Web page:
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Article - Evolution or Revolution

by Chris Larsen | SAPinsider

June 1, 2000

by Chris Larsen, SAP America, Inc. SAPinsider - 2000 (Volume 1), June (Issue 1)

When the editors of SAP Insider approached me with the question, "Does represent an evolution or revolution for SAP customers?" it was clear to me that a lot of work still lies ahead in establishing the brand! We need to make it clear that represents an evolution, not a revolution. Personally, I associate a lot of unpleasant imagery with the term "revolution." Revolutions happen overnight, with little or no warning, and are typically accompanied by a lot of pain, suffering, and innocent casualties.

     That's not the case with! is the next natural evolution of our powerful solution offering, but the difference is that it is happening at Internet speed. With this initiative, we leverage the enabling power of the Internet with the established powerful infrastructure of our customers' SAP-anchored business processes. Customers determine the rate of speed with which they embrace this technology. We deliver it in a componentized fashion, which is supported by both our technology and software licensing.¹ You can place the Workplace on just a few desktops, or jump right in and implement full-blown B2B and collaborative Marketplace scenarios, which speak to the real heart of customers' concerns these days.

     What's the #1 Concern Among SAP Customers? Retaining and Growing Their Customer Base

Without question, the #1 priority among SAP's customers is how to retain and grow their base of customers. That's really at the root of both the fear and the fascination that the Internet holds for many customer-focused organizations. Since the Internet doesn't require a new competitor to make a huge investment of infrastructure and "bricks and mortar," worries exist about competitors appearing overnight and market share suddenly slipping away.

     So our customers have been asking us, "How do I protect the customer base that I already have, while making sure I grab the opportunity to build greater market share or to capitalize on new channels that I couldn't reach before?" This is a marked departure from the priorities that dominated our industry just a few years ago.

evolution n. A progress in which something gradually changes into a different and usually improved form.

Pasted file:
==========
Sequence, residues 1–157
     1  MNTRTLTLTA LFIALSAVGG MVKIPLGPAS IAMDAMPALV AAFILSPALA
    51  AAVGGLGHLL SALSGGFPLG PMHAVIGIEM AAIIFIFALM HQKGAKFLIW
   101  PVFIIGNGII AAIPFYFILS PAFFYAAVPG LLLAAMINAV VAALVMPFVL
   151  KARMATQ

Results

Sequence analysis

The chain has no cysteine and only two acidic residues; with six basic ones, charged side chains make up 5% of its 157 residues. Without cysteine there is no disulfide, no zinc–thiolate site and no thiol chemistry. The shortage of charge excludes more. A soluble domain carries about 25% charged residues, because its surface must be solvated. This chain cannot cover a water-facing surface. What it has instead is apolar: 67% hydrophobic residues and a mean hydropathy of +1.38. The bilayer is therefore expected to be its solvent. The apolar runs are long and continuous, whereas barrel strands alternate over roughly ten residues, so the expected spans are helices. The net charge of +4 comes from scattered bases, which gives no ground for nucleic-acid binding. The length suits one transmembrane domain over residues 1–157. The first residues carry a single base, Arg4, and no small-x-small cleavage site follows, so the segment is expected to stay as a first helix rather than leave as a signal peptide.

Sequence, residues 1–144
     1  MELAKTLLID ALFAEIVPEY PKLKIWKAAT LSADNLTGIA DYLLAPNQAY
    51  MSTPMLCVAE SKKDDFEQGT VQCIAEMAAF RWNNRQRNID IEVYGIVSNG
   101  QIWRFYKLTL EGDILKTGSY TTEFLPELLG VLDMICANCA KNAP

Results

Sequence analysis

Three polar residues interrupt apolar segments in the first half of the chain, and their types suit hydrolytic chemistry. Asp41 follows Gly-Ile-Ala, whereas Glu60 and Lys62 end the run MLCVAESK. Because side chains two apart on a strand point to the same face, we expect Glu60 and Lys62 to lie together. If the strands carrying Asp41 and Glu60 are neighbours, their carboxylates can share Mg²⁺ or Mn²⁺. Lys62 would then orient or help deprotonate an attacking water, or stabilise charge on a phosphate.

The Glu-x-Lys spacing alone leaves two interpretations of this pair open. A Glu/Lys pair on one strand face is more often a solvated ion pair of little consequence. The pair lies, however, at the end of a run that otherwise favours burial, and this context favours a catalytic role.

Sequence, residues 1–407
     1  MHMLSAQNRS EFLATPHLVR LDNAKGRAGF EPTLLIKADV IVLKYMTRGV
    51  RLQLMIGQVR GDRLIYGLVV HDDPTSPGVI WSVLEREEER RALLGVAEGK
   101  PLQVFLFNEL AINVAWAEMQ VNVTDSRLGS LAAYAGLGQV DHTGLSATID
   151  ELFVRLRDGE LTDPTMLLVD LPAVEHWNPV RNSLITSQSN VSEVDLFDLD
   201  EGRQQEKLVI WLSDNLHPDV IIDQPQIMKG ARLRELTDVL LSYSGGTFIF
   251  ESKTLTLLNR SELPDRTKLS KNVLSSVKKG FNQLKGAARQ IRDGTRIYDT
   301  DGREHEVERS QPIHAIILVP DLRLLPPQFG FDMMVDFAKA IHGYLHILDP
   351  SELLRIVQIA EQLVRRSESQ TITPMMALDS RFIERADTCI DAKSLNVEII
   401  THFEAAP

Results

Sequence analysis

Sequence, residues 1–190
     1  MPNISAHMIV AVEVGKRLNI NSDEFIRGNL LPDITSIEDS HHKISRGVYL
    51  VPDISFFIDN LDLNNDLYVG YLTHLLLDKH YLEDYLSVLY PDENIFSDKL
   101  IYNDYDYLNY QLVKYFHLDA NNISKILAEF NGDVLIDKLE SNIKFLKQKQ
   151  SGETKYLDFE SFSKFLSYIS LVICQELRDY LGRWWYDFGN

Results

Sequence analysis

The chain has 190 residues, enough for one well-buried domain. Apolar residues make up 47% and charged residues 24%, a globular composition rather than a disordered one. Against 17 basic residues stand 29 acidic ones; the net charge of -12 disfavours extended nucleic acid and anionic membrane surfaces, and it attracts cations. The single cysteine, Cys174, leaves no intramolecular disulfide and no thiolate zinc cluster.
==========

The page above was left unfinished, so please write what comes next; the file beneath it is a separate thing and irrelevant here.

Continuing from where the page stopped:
revolution n. An abrupt or radical change in a process, belief, or manner of thinking.

     In the 90s, customer focus was on cost reduction, shorter reaction times, and operational efficiency. This school of thought said, "Streamline internal processes, and you gain a competitive edge in the marketplace." But now, in 2000, as we begin a new decade, customers are looking outward, not inward, at value-creation business processes. Static supply chains will soon be a thing of the past. To retain and grow one's customer base in an Internet economy, supply chains must be based on dynamic, collaborative business processes that let organizations work faster and smarter with suppliers, partners, distributors, and, most important, their customers. There's no doubt about it: Web-enabled, collaborative supply-chain applications will soon become the dominant model. provides the solutions to take you there. The Workplace, Marketplace, Business Scenarios, and Application Hosting solutions can rapidly make a customer's existing business processes ready for secure and reliable operation in a Web-driven world. You can't simply create a Web site for customers or suppliers. That Internet presence must be tightly integrated with your backend business processes. You not only must be able to take an order over the Internet, you've got to be able to quickly fulfill that order. Otherwise, you're just one click away from losing a customer rather than building a stronger customer relationship! This is especially true for business-to-business as well as business-to-consumer scenarios.